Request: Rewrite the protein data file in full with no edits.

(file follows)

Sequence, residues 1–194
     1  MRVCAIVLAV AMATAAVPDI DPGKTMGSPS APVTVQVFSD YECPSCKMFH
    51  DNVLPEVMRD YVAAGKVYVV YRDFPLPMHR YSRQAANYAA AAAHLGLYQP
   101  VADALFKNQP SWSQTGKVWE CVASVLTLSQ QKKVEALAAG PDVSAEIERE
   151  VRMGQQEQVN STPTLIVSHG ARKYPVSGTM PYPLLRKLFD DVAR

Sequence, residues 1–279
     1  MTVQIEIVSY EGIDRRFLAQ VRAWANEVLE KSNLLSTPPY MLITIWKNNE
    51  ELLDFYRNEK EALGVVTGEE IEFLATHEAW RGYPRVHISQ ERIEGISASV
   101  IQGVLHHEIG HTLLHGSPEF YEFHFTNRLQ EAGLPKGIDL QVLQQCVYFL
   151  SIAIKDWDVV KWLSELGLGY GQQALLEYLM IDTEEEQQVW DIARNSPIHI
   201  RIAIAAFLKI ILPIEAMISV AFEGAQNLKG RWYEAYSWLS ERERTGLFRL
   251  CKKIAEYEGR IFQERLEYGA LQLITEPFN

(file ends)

Sequence, residues 1–194
     1  MRVCAIVLAV AMATAAVPDI DPGKTMGSPS APVTVQVFSD YECPSCKMFH
    51  DNVLPEVMRD YVAAGKVYVV YRDFPLPMHR YSRQAANYAA AAAHLGLYQP
   101  VADALFKNQP SWSQTGKVWE CVASVLTLSQ QKKVEALAAG PDVSAEIERE
   151  VRMGQQEQVN STPTLIVSHG ARKYPVSGTM PYPLLRKLFD DVAR

Sequence, residues 1–279
     1  MTVQIEIVSY EGIDRRFLAQ VRAWANEVLE KSNLLSTPPY MLITIWKNNE
    51  ELLDFYRNEK EALGVVTGEE IEFLATHEAW RGYPRVHISQ ERIEGISASV
   101  IQGVLHHEIG HTLLHGSPEF YEFHFTNRLQ EAGLPKGIDL QVLQQCVYFL
   151  SIAIKDWDVV KWLSELGLGY GQQALLEYLM IDTEEEQQVW DIARNSPIHI
   201  RIAIAAFLKI ILPIEAMISV AFEGAQNLKG RWYEAYSWLS ERERTGLFRL
   251  CKKIAEYEGR IFQERLEYGA LQLITEPFN